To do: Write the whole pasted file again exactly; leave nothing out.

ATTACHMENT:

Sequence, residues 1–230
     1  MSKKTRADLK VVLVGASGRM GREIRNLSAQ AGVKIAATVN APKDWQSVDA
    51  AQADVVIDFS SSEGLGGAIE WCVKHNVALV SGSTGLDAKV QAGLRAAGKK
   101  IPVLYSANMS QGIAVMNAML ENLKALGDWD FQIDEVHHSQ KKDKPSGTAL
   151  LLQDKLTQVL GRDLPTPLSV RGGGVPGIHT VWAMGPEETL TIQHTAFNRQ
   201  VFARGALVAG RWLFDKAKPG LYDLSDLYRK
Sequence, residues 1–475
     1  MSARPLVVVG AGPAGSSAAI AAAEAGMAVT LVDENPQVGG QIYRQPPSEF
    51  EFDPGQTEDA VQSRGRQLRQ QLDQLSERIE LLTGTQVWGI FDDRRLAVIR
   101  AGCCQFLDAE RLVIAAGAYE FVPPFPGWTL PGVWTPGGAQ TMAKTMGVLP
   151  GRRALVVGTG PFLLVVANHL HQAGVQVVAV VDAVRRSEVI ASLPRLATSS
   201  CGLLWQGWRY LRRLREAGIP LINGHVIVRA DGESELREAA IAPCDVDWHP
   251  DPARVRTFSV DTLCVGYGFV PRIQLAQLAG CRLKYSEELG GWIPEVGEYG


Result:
Sequence, residues 1–230
     1  MSKKTRADLK VVLVGASGRM GREIRNLSAQ AGVKIAATVN APKDWQSVDA
    51  AQADVVIDFS SSEGLGGAIE WCVKHNVALV SGSTGLDAKV QAGLRAAGKK
   101  IPVLYSANMS QGIAVMNAML ENLKALGDWD FQIDEVHHSQ KKDKPSGTAL
   151  LLQDKLTQVL GRDLPTPLSV RGGGVPGIHT VWAMGPEETL TIQHTAFNRQ
   201  VFARGALVAG RWLFDKAKPG LYDLSDLYRK
Sequence, residues 1–475
     1  MSARPLVVVG AGPAGSSAAI AAAEAGMAVT LVDENPQVGG QIYRQPPSEF
    51  EFDPGQTEDA VQSRGRQLRQ QLDQLSERIE LLTGTQVWGI FDDRRLAVIR
   101  AGCCQFLDAE RLVIAAGAYE FVPPFPGWTL PGVWTPGGAQ TMAKTMGVLP
   151  GRRALVVGTG PFLLVVANHL HQAGVQVVAV VDAVRRSEVI ASLPRLATSS
   201  CGLLWQGWRY LRRLREAGIP LINGHVIVRA DGESELREAA IAPCDVDWHP
   251  DPARVRTFSV DTLCVGYGFV PRIQLAQLAG CRLKYSEELG GWIPEVGEYG